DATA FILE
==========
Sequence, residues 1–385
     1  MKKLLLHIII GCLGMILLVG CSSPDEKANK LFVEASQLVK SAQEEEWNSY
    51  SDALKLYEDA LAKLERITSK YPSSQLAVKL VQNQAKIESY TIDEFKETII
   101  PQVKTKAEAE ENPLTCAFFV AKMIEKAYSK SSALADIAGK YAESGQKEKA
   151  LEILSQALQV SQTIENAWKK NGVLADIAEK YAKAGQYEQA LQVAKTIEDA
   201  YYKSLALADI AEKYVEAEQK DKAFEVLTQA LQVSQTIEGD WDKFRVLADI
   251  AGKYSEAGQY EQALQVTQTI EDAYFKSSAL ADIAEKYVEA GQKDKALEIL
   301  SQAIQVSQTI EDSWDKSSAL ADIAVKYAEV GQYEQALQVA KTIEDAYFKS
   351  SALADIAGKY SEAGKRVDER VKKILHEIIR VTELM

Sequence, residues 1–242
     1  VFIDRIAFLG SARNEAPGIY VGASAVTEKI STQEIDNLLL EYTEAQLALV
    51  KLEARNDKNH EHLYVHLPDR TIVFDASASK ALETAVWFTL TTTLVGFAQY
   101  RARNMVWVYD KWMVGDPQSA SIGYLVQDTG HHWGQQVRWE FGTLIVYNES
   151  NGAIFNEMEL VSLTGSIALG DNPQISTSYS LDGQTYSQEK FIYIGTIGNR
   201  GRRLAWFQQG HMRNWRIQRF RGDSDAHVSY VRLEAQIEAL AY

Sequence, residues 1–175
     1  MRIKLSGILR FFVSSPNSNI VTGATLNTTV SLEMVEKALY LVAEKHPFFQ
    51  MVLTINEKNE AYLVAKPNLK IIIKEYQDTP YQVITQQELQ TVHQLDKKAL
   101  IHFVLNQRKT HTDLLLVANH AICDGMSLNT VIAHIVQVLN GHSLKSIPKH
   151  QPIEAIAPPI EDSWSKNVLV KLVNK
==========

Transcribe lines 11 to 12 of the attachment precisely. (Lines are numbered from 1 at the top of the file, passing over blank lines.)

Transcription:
     1  VFIDRIAFLG SARNEAPGIY VGASAVTEKI STQEIDNLLL EYTEAQLALV
    51  KLEARNDKNH EHLYVHLPDR TIVFDASASK ALETAVWFTL TTTLVGFAQY